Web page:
A Zone controls ambient lighting and fogging. Each geometry object determines the zone it is inside (by testing against the zone's oriented bounding box) and uses that zone's ambient light color, fog color and fog start/end distance for rendering. For the case of multiple overlapping zones, zones also have an integer priority value, and objects will choose the highest priority zone they touch.
The viewport will be initially cleared to the fog color of the zone found at the camera's far clip distance. If no zone is found either for the far clip or an object, a default zone with black ambient and fog color will be used.
Zones have three special flags: height fog mode, override mode and ambient gradient.
- When height fog mode is enabled, objects inside the zone receive height fog in addition of distance fog. The fog's height level is specified relative to the zone's world position. The width of the fog band on the Y-axis is specified by the fog height scale parameter.
- If the camera is inside a zone with override mode enabled, all rendered objects will use that zone's ambient and fog settings, instead of the zone they belong to. This can be used for example to implement an underwater effect.
- When ambient gradient mode is enabled, the zone's own ambient color value is not used, but instead it will look for two highest-priority neighbor zones that touch it at the minimum and maximum Z face of its oriented bounding box: any objects inside will then get a per-vertex ambient color fade between the neighbor zones' ambient colors. To ensure objects use the gradient zone when inside it, the gradient zone should have higher priority than the neighbor zones. The gradient is always oriented along the gradient zone's local Z axis.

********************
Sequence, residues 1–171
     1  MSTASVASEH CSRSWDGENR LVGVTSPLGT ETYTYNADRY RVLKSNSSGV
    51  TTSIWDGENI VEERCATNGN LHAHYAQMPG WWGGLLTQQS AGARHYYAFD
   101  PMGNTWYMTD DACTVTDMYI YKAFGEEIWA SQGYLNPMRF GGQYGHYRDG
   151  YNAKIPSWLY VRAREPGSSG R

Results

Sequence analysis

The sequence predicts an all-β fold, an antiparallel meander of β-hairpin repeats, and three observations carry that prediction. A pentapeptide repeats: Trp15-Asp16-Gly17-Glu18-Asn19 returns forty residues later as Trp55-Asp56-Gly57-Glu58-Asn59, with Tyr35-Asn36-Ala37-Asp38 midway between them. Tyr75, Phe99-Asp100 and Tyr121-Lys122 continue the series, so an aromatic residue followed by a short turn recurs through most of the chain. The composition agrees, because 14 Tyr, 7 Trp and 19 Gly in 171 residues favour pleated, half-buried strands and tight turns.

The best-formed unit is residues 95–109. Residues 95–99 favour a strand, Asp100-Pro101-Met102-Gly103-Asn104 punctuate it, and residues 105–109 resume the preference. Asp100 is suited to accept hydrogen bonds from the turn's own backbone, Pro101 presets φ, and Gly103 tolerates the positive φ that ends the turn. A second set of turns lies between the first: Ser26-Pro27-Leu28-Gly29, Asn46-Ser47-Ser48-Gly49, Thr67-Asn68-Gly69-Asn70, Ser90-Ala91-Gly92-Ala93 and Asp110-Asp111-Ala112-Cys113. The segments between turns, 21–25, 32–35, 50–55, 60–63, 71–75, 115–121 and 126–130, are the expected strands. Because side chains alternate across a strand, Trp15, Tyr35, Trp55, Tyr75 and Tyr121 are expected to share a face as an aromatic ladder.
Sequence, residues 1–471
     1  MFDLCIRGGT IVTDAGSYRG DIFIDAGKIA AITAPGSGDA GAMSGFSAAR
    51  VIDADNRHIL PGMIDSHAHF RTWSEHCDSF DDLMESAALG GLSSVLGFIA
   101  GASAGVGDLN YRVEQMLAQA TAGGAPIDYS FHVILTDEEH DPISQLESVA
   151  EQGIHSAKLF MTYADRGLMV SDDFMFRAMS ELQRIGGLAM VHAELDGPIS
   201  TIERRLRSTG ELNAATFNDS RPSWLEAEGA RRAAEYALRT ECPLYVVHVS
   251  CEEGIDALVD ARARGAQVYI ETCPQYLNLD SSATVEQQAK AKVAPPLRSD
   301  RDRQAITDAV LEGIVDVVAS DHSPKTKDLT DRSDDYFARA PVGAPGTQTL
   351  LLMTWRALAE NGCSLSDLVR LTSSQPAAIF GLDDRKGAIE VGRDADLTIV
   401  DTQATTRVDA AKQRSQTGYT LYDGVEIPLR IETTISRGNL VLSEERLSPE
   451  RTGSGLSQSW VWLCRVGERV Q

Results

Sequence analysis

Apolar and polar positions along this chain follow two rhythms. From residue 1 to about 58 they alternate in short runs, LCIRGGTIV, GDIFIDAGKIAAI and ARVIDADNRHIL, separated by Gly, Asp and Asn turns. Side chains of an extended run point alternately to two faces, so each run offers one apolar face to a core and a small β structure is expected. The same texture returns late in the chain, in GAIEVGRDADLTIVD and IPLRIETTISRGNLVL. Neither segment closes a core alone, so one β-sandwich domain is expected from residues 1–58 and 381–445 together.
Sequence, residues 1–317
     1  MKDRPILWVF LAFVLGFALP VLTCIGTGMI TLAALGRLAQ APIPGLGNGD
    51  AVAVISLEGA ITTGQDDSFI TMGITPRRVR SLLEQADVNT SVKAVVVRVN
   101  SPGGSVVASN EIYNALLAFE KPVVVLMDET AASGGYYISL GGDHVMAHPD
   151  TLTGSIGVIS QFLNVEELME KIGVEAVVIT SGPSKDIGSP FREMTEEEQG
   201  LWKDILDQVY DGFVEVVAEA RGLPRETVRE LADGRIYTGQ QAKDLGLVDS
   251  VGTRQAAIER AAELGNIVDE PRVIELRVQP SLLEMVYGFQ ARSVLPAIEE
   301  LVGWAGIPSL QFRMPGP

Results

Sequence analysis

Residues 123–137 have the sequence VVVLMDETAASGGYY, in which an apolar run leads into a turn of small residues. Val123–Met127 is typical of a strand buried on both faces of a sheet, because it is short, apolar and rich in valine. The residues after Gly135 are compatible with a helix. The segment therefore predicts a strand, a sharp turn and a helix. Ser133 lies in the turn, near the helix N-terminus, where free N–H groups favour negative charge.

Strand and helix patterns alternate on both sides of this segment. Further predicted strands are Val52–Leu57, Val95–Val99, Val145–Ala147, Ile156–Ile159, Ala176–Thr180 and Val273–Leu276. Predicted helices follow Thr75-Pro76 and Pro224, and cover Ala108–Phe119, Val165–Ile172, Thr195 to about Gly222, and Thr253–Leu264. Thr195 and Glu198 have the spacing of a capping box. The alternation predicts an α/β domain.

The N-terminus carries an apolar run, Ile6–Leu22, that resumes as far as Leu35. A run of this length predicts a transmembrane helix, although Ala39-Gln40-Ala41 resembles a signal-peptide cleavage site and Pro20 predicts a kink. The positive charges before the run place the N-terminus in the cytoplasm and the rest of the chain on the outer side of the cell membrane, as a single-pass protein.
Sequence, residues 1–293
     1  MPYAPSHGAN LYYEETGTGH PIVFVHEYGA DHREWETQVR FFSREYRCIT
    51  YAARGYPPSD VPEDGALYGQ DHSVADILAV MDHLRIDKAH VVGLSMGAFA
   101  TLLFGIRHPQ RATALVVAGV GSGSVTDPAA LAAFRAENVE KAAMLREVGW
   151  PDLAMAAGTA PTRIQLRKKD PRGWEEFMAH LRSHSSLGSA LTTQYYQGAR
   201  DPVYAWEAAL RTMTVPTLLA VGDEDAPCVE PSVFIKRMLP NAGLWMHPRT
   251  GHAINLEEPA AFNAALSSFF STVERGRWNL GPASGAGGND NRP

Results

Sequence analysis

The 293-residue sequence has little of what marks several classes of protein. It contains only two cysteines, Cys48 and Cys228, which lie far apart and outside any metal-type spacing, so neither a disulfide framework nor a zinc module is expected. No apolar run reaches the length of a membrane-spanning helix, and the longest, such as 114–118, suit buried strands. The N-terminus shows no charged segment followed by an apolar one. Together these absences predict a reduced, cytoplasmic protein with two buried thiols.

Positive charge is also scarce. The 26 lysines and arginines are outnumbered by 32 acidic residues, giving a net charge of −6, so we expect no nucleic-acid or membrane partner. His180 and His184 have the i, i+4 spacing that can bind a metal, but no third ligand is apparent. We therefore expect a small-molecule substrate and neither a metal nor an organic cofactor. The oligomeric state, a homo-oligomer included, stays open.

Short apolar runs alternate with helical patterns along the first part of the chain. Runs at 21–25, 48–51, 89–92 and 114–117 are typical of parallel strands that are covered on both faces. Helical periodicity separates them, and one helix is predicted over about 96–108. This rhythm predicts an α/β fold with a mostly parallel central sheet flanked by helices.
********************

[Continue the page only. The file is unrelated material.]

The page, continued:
Like lights, zones also define a lightmask and a shadowmask (with all bits set by default.) An object's final lightmask for light culling is determined by ANDing the object lightmask and the zone lightmask. The final shadowmask is also calculated in the same way.
Finally, zones can optionally define a texture, see SetZoneTexture(). This should be either a cube or 3D texture that will be bound to the zone texture unit (TU_ZONE) when rendering objects within the zone. This could be used to achieve for example precomputed environment reflections, ambient lighting or ambient occlusion in custom shaders; the default shaders do not use this texture. Due to texture unit limitations it is not available on OpenGL ES 2.0.